# Con dence Regions for a Vector Shift Parameter

Proceed analogously to the one-dimensional confidence interval construction as in §2.3.3. Introduce a shift parameter to move the data to an arbitrary point null hypothesis. In this one-sample case, one may apply the one sample test for the null hypothesis that marginal medians are 0 to the shifted data *X* — l_{n} *Ц.* where l_{n} is a vector of ones of length *n,* and ® is the outer product, ко 1 * _{a}* ® /i is the matrix with entry

*fi j*in column

*j*for all rows. That is, calculate

*T{X*— l

_{ra}®

*ц)*from the data set

*X*— l

_{n}® //. Calculate the variance matrix ((7.9) for the multivariate sign test) from the shifted data set. Calculate

*W(X*— l

_{n}®

*fi)*from (7.10). Then the random set

satisfies P [д € *T =* 1 — *a* using the test inversion argument of (1.16). This is the one-sample case of the region proposed by Kolassa and Seifu (2013).

Example 7.4.1 *Recall again the blood pressure data set of Example 6.4.2. Figure 7.2 is generated by*

library(MultNonParam); shifter(bp[,c("dpd","spd")])

*and exhibits the 0.05 contour of p-values for the multivariate test constructed from sign rank tests for each of systolic and diastolic blood pressure, and forms a 95% confidence region. Note the lack of convexity.*

# Two-Sample Methods

Two-sample methods are generally of more interest than the preceding one- sample methods. Consider a multivariate dataset *Xij* for г € {1,..., *M**1**+M**2**} *and *j* € {1,..., *J},* with data from the first sample occupying the first *M *rows of this matrix, and data from the second sample occupying the last М2 rows. Assume that the vectors (Afi,.... *Хц)* and *(Хщ*,..., *X^j),* for all *i, *are independent if *i Ф i'.* Assume further than the vectors *(Хц,*..., *X,j)* all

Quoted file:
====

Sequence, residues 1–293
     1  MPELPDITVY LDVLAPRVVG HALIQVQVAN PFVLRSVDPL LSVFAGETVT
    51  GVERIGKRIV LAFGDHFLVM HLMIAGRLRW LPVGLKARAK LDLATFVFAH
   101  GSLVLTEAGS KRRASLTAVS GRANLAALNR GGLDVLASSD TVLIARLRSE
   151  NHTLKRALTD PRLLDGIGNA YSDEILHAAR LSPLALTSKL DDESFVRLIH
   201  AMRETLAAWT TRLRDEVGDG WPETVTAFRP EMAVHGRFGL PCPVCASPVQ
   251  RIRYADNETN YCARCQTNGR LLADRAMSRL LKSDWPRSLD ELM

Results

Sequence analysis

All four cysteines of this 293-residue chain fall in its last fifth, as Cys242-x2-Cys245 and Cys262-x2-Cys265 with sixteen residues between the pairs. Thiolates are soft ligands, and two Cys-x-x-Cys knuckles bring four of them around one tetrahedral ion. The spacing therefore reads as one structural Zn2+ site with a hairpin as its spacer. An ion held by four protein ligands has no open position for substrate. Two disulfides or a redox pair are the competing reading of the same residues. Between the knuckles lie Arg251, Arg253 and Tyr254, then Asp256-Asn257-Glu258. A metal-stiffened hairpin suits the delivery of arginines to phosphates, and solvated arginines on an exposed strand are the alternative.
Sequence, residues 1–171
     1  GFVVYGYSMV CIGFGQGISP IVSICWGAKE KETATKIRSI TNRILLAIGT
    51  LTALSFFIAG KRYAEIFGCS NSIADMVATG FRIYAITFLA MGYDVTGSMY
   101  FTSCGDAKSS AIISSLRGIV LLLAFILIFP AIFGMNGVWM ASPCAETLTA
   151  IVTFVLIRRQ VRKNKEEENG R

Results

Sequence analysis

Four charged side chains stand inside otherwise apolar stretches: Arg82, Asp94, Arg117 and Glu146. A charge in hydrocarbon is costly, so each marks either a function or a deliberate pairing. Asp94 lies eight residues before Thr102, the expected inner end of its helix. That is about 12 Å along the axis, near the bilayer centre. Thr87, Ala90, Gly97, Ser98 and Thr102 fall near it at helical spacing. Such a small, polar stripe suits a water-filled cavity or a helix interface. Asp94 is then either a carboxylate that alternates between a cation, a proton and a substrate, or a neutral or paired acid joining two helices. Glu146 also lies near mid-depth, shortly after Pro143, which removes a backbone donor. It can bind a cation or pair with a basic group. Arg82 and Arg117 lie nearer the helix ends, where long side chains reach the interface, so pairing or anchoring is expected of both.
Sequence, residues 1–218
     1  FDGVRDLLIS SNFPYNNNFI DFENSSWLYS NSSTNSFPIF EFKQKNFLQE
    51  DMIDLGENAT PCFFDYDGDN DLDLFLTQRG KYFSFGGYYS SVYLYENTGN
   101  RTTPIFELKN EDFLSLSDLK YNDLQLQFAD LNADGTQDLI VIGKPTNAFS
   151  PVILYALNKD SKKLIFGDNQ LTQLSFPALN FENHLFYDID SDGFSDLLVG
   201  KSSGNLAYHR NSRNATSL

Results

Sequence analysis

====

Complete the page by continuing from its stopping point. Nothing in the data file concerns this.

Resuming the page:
FIGURE 7.2: Median Blood Pressure Change Confidence Region

have the same distribution for *г < Mi,* and that the vectors *(Хц,..., Хц) *all have the same distribution for *г > M.* Let *g* be a vector indicating group membership; i < Mi, and *gi* = 2 if *i* > *Mi.* As in §7.1, consider testing and confidence interval questions.

## Hypothesis Testing

Combine the techniques for one-dimensional two-sample testing of Chapter 3 and for multi-dimensional one-sample testing of §7.1. Consider the null hypothesis *Ho* that the distribution of *(Хц,*.... *Xu)* is the same for all *i.*

### Permutation Testing

Under the null hypothesis of equality of distributions across the two groups, all assignments of the observed vectors among the two groups that keep the sizes of groups 1 and 2 at *M* and М2 respectively, are equally likely. Hence a permutation test may be constructed by evaluating the Hotelling statistic, or any other parametric statistic, at each of the such reassignments of the observations to the groups,

p-values are calculated by counting the number of such statistics with values equal to or exceeding the observed value, and dividing the count by (^д^^{2}) • Other marginal statistics may be combined; for example, one might use the Max /-statistic, defined by first calculating univariate /-statistics for each manifest variable, and reporting the maximum. This statistic is inherently one-sided, in that it presumes an alternative in which each marginal distribution for the second group is systematically larger than that of the first group. Alternatively, one might take the absolute value of the /-statistics before maximizing. One might do a parallel analysis with either the maximum of Wilcoxon rank-sum statistics or the maximum of their absolute values, after shifting to have a null expectation zero.